In a survey of all local authorities, the Commission found detected fraud is increasing and has risen from £17.5m to £25m over the last three years. Of this, benefit frauds have risen from £14m to £20m.
The report says probity in local government is generally in 'good order' but warns local authorities not to be complacent. Detected fraud of all types is increasing yet defrauders keep finding new ways to commit their crimes.
The bulk of fraud is committed by people abusing the benefits system - not local government officials. The biggest problems are housing and local tax benefits, says the report, but student awards and improvement grants are giving increasing cause for concern.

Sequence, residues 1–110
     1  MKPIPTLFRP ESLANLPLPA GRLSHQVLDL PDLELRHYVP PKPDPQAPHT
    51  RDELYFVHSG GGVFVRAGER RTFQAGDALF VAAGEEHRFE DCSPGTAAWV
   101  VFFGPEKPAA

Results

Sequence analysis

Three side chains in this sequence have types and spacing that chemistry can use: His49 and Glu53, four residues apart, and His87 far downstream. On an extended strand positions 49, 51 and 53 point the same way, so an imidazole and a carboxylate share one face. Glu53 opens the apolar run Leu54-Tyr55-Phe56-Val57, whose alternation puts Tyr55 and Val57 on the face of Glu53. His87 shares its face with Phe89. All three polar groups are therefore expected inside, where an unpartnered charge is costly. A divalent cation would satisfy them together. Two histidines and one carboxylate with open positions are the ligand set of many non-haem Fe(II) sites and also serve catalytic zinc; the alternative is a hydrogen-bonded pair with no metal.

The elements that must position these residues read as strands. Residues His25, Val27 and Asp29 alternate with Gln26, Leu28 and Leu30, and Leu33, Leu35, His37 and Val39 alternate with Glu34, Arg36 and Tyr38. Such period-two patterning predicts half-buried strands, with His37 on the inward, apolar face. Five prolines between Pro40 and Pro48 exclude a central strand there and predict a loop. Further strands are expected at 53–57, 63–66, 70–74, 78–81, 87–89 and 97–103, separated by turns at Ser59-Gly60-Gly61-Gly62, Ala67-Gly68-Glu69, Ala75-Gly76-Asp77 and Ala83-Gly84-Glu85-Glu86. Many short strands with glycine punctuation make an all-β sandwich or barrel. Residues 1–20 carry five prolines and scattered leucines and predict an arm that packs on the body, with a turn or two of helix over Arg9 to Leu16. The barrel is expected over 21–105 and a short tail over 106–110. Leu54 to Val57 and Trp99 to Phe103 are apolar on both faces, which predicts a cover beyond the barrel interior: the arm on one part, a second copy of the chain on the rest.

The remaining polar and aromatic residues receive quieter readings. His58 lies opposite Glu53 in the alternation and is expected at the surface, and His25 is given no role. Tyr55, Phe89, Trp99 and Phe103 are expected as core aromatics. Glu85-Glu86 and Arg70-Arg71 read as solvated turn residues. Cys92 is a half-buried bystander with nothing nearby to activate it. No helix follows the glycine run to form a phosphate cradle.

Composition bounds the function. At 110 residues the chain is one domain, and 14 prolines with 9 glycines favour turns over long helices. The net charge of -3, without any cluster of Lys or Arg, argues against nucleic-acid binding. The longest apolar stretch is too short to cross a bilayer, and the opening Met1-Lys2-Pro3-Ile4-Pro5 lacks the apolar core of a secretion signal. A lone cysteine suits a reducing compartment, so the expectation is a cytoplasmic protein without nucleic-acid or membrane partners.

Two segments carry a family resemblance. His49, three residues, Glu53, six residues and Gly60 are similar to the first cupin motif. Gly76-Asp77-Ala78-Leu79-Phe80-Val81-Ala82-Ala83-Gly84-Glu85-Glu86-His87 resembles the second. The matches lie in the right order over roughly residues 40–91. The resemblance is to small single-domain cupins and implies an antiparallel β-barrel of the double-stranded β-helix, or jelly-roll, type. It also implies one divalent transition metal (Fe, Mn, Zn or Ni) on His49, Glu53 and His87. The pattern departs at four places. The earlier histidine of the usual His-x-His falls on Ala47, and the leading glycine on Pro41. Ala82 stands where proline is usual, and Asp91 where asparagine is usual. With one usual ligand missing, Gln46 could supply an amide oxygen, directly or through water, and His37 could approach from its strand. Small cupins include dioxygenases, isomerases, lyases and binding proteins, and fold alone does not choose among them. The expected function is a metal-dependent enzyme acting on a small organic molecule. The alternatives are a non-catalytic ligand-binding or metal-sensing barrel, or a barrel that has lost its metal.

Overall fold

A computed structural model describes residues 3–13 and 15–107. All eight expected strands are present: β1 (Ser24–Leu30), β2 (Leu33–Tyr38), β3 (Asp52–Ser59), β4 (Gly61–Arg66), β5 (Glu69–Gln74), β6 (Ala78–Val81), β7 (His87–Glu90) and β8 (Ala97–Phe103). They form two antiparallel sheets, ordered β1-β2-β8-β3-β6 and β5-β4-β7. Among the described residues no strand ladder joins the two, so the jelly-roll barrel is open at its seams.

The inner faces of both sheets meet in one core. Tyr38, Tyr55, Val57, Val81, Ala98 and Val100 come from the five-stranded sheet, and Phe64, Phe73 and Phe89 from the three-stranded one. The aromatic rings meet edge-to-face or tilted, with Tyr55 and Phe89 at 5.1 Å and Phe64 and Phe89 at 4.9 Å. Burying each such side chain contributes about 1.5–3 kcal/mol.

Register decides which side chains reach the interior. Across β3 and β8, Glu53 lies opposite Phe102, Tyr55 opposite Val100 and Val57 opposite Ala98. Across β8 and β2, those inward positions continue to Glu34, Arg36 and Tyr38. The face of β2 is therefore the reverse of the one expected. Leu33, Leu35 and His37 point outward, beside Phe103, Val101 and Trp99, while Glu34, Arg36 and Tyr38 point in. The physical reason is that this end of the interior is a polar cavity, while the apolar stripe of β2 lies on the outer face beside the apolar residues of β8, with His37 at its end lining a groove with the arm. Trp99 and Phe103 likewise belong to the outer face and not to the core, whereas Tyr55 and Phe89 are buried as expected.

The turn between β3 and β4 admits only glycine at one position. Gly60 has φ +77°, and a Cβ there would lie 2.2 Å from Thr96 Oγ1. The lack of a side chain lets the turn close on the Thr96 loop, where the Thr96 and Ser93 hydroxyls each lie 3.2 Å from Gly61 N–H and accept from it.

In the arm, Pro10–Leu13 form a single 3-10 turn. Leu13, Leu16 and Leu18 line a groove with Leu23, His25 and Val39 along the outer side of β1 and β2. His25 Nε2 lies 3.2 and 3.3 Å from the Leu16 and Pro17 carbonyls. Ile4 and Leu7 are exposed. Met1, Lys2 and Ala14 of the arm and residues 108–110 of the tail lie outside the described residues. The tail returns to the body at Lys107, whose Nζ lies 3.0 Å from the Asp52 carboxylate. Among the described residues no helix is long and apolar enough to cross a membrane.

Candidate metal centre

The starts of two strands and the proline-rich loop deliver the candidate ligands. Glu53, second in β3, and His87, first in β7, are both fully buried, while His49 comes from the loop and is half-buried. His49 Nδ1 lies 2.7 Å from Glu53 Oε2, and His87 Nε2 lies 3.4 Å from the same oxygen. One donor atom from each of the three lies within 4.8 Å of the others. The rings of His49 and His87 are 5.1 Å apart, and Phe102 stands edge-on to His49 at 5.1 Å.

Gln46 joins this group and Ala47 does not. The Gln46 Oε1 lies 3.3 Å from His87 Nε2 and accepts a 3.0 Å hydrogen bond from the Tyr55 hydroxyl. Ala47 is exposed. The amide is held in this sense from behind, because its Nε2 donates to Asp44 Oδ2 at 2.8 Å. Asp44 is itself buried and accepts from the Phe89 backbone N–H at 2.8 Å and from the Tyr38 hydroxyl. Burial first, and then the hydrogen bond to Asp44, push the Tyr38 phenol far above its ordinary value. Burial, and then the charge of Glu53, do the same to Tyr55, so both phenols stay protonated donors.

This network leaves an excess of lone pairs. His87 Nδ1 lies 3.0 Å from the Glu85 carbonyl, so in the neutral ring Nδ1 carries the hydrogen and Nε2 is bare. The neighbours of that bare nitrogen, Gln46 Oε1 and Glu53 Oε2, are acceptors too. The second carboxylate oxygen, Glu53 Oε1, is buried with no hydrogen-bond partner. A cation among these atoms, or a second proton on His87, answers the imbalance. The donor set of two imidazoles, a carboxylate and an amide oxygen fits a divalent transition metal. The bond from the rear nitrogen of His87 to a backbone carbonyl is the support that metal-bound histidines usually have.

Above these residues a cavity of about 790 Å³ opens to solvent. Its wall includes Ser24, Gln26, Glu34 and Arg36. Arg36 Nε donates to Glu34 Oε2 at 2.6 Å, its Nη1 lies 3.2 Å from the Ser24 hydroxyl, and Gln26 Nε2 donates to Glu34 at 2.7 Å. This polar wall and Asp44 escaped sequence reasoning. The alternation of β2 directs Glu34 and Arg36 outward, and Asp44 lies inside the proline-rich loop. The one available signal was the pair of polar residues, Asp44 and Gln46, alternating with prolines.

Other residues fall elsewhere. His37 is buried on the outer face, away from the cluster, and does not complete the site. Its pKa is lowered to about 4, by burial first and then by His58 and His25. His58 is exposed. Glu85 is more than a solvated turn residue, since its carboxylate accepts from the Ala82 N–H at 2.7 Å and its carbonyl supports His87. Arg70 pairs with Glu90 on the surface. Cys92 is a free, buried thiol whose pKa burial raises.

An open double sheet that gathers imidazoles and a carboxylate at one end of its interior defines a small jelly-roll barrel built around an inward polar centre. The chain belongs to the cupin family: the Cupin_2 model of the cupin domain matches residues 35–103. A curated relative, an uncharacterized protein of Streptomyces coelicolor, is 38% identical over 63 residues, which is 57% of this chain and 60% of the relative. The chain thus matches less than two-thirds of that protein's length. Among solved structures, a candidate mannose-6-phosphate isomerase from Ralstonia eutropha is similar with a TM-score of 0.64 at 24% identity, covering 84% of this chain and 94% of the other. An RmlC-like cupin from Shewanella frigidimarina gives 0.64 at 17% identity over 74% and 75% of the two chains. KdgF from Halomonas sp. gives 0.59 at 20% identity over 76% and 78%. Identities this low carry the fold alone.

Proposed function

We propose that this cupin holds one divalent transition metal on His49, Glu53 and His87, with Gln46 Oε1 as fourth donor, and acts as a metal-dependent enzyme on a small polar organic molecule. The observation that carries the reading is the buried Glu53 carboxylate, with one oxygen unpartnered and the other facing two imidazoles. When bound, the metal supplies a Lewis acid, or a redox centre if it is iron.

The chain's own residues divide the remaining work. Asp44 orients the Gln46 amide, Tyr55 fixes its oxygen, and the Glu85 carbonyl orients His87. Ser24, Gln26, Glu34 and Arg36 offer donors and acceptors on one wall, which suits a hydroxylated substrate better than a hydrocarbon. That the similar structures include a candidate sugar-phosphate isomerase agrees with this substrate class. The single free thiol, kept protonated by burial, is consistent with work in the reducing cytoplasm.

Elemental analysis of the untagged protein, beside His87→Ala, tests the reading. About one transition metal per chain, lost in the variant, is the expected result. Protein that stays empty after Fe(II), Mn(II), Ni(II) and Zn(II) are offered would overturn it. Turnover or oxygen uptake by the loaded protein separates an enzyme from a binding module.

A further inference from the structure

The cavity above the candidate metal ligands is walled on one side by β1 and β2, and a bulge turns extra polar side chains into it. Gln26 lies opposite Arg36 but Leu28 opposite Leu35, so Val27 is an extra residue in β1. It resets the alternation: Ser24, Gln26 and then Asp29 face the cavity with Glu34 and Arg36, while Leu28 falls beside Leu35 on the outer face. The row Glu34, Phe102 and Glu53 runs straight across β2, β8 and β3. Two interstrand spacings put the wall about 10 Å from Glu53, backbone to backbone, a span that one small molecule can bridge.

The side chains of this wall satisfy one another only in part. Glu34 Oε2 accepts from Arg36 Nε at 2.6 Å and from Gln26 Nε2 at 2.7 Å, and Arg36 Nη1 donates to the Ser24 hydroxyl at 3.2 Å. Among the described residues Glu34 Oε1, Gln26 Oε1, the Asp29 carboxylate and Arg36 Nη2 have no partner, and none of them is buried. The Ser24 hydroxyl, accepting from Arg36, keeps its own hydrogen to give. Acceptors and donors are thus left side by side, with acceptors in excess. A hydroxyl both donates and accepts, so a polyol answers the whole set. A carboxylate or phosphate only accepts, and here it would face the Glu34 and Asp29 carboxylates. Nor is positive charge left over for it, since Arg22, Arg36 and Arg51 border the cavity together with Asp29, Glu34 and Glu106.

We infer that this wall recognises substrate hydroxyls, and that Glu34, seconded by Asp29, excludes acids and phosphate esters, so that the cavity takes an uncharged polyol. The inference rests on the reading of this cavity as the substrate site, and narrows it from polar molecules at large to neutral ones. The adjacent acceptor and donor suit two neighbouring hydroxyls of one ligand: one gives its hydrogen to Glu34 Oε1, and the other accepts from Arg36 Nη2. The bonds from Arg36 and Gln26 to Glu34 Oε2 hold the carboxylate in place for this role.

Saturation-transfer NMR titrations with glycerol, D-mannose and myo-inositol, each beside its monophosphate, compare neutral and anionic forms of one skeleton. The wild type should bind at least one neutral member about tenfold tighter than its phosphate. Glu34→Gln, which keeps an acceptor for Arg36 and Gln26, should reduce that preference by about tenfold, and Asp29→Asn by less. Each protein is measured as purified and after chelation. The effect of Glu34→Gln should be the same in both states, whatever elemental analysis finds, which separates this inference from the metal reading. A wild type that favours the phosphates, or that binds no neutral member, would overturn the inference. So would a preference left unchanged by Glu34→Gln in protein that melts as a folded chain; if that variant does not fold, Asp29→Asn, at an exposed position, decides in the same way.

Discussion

The report recommends that council members and managers: - create an anti-fraud culture by stressing honest administration - encourage staff to raise their concerns with those who can take action - ensure internal auditors regularly test their effectiveness - make full use of information technology to cross-check information held by different authorities - agree procedures with the police to improve investigation management
The Audit Commission is setting up a dedicated fraud unit to provide information on fighting fraud.